Since 1997, the total number of sorts in production has increased in maize, common wheat and potato, and remained unchanged or decreased in other crops, for example oil crops.
Between 1990 and 1997, the production of wheat in Slovenia was based on two sorts, Marija and Ana. They occupied more than 60 % of arable land. Between 1997 and 2004, the number of sorts in the sowing structure of wheat increased significantly. The Žitarka sort has the largest share, followed by Soissons, Profit, Renan, and lately, Isengrain. In Slovenia, barley is produced mostly for fodder; as in wheat, its production between 1990 and 1997 was based on three sorts. The number of sorts in the production of barley increased significantly after 2000. In potato, sort structure has changed significantly in the last twenty years. Before 1989, domestically bred sorts prevailed, but after the spread of the PVYNTN virus in 1990, the range of potato varieties changed completely and caused the domestic sorts to almost entirely disappear from production. In the last few years, the Slovenian catalogue of varieties has become longer and with it, the number of sorts on the market has increased. Simultaneously, however, shares of individual sorts in the total production have been decreasing.
Between 1990 and 1997, the total number of maize hybrids decreased by more than four times, which is the consequence of interrupted trade flows with the republics of former Yugoslavia. After 1997, the number of hybrids increased to 198 by 2004. The reason for the relatively large number of maize hybrids in the catalogue of varieties and on the seed unit market is in the diverse climatic and soil conditions which facilitate the production of hybrids from all maturity classes. Until about 2000, mostly older foreign sorts and domestic, Slovenian sorts of fodder crops prevailed on the Slovenian market. After 2000, with the arrival of individual modern foreign sorts, the sowing structure started to change; a great number of Slovenian sorts were abandoned, and almost completely disappeared from the market. The supply on the grass and legume crops market, however, has become more versatile: in the past, two or three sorts at the most used to prevail in individual species, and now, the majority of species have a number of sorts in the sowing structure. Only legume crops, sown mostly in short-term blends, have only one or two sorts in its sowing structure. This applies to the period from 1990 to the present day.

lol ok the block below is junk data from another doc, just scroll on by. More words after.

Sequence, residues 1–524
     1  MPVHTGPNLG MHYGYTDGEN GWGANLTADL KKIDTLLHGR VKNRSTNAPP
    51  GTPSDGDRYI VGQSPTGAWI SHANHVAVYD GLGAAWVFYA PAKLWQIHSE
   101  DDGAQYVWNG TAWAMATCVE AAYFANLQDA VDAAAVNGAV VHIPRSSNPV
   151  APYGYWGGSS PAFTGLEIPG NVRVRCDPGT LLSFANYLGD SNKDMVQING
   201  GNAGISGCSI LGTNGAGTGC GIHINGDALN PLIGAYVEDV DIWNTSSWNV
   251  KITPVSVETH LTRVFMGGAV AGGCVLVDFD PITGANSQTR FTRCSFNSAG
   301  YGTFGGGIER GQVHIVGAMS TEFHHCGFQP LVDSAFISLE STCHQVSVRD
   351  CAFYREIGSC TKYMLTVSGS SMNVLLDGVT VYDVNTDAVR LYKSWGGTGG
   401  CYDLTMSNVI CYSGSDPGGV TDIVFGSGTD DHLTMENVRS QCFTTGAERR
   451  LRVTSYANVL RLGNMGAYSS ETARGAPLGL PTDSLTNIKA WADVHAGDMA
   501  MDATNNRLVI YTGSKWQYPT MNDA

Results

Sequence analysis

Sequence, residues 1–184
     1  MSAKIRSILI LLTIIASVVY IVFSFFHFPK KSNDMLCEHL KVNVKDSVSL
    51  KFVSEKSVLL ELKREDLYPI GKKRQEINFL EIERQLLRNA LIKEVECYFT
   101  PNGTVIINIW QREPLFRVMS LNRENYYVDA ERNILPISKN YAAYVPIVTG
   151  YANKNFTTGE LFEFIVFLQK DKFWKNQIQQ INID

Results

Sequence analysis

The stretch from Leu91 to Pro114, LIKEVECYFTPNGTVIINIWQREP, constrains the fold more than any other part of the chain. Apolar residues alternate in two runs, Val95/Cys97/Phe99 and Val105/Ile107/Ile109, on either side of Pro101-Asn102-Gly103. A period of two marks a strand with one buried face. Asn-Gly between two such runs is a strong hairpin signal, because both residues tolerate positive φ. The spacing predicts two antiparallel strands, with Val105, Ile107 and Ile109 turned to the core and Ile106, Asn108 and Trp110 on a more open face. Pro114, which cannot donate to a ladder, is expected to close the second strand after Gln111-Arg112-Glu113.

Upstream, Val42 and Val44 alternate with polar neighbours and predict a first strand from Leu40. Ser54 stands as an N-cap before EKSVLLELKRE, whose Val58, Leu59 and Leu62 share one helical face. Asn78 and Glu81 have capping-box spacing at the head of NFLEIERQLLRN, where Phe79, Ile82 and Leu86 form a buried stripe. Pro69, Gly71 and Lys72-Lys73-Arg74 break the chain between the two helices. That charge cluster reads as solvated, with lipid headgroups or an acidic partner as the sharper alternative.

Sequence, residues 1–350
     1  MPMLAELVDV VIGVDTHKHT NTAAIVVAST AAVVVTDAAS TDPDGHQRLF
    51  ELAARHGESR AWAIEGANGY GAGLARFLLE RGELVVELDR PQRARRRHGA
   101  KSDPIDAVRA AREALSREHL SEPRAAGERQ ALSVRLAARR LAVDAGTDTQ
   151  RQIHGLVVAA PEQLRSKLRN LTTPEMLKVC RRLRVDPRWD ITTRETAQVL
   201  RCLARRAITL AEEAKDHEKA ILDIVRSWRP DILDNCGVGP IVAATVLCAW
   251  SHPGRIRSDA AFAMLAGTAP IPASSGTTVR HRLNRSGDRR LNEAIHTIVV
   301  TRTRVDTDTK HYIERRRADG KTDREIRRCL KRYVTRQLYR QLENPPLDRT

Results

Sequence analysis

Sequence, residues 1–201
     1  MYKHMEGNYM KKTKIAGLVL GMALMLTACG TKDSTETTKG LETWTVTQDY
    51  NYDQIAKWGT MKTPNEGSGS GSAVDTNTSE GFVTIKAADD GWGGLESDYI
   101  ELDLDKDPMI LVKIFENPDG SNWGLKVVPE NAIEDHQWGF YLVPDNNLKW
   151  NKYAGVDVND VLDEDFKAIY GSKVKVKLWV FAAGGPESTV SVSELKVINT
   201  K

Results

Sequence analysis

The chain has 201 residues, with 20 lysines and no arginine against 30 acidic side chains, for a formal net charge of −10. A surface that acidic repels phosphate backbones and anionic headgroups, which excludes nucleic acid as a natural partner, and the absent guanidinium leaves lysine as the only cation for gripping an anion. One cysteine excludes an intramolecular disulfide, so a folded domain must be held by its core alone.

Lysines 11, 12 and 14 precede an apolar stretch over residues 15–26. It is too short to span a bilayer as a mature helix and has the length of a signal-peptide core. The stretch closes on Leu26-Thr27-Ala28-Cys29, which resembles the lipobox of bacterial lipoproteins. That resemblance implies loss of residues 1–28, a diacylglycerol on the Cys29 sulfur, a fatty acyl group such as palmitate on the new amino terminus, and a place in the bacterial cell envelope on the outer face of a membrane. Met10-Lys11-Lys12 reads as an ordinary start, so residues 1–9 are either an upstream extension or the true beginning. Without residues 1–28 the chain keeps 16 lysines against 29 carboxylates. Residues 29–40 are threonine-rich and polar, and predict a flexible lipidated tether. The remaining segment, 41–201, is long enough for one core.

Data for Slovenia

– List of Released New Domestic Varieties of agricultural and Forestry Plants in the Socialist Federal Republic of Yugoslavia (Official Gazette of the SFRY for 1987–1990).
– National List of Varieties (Ministry of Agriculture, Forestry and Food (MAFF) for 2000–2004).
– Seed catalogues (Semenarna Ljubljana, d. d. for 2000–2004).
– Statistical Yearbooks of the RS (Statistical Office of the Republic of Slovenia) for the last ten years.

The data are taken from annual reports and publications by the Ministry of Agriculture, Forestry and Food - Phytosanitary Administration of the Republic of Slovenia (PARS) (source: Report on Agriculture, Food and Forestry, and publications by PARS MAFF for 1997–2005) and data on the sale of seeds for individual crops (source: PARS, MAFF, Semenarna Ljubljana, d. d. – unofficial data). The main sources are data on applications for protection, entry and withdrawal from the national variety list, as well as Statistical Yearbooks of the Statistical Office of the Republic of Slovenia. For 1990, the only source is the List of certified new domestic varieties of agricultural and forestry plants in the SFRY. The sort structure in the production of potato for human consumption can only be deduced from the data on seed potato sales. These data underestimate the Y virus resistant sorts, which can be propagated by the producers and are thus not covered by statistics.

Data for EU-15

– EuroSemStats database 2002, maintained and distributed by the NIAB (National Institute of Agricultural Botany, Cambridge, UK).

EuroSemStats data were used to compare the situation in Slovenia with the situation in EU-15